Paul J. Willis
Genius and madness can be very close. Or so says Dan Seagrave, the fictional voice in Baker’s Testosterone. As the title suggests, the work is aggressive, edgy, and definitely male dominated, revealing a life fueled by love and obsession.
In the preface to the work, Baker states that what follows is the transcript of audiotapes that were sent to him by his friend Dan Seagrave. Recording his thoughts and actions as they occur, Seagrave is creating a “living novel.” He has recently lost his home to a fire that he believes was set by his former lover, and is driving around Los Angeles seeking a visceral catharsis. “I’m a no-bullshit guy, and one angry queer, so don’t f___ with me because I’m on a mission.” His mission is to track down Pablo Ortega, the man who captured his heart and soul through his raw sexuality and psychological prowess.
While hunting down his obsession, Seagrave comes into contact with several of Pablo’s former lovers whose own idiosyncrasies, and experiences with Ortega, are fitting for a Quentin Tarantino film-tough, raw, and bloody. Seagrave is horrified to learn of Pablo’s sexual addiction, his work for the Chilean secret police torturing people, and his involvement in the cult of Palo Mayombe. Pablo’s involvement in the cult includes kidnapping household pets for ritual sacrifice, which makes Seagrave wonder about the disappearance of his own dog. This quest ends with the purchase of a machete, a cooler placed in his front seat, and a chance encounter with Pablo Ortega.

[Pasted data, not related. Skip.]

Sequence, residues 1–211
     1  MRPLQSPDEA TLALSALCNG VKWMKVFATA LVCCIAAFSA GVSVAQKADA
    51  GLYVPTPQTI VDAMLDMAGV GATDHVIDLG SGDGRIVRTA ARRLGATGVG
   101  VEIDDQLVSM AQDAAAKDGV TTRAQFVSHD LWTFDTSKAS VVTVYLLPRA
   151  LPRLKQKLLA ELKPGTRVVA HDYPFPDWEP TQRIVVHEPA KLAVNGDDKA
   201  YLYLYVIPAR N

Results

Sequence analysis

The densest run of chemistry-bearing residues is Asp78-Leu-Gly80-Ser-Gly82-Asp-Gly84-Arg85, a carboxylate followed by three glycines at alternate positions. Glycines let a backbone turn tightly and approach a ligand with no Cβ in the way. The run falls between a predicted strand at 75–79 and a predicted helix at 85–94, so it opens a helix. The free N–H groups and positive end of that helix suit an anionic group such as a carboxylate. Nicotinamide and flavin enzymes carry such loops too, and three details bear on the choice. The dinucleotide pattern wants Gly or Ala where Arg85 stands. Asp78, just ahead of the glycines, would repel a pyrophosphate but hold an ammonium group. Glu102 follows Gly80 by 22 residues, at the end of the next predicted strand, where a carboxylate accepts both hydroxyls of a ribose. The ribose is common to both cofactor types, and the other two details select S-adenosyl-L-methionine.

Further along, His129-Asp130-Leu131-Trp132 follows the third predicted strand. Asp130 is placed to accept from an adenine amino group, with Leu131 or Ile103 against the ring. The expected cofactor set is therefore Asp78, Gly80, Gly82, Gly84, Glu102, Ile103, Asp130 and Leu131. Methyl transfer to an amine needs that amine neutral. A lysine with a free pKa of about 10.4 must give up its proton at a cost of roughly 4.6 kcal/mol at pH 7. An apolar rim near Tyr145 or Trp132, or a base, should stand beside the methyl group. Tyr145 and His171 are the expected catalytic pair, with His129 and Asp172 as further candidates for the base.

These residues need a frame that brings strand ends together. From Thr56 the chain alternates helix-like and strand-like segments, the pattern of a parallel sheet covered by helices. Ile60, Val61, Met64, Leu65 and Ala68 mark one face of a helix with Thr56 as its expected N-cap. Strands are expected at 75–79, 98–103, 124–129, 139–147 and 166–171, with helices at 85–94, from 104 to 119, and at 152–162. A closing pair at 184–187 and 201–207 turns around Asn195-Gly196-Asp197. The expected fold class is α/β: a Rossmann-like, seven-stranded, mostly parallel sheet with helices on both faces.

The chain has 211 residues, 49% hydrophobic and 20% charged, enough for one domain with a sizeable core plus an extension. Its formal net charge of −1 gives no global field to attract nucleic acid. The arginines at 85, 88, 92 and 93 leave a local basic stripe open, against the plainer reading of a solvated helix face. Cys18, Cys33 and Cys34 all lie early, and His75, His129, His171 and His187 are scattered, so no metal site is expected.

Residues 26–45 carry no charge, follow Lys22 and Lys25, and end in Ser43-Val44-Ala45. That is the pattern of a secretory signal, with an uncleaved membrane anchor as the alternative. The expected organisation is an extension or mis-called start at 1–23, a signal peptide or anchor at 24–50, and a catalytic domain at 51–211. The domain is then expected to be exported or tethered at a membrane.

Through his pacing and vivid descriptions, Baker, the cult author of Tim & Pete and Adrenaline, has created a vibrant and virile work detailing a man’s downward descent into dementia. It is never quite clear what is reality or the product of an obsessed and disturbed mind.
This last novel of Baker’s, a posthumous release, will be well-scrutinized by fans hoping for a hint at what caused Baker to take his life on November 5, 1997. Although the genius can be assigned, it’s not at all clear if the madness is Baker’s own. For the most part, the only clues embedded within the work point to Baker’s perceptions of anonymous sex, body image, and the historical impact of AIDS.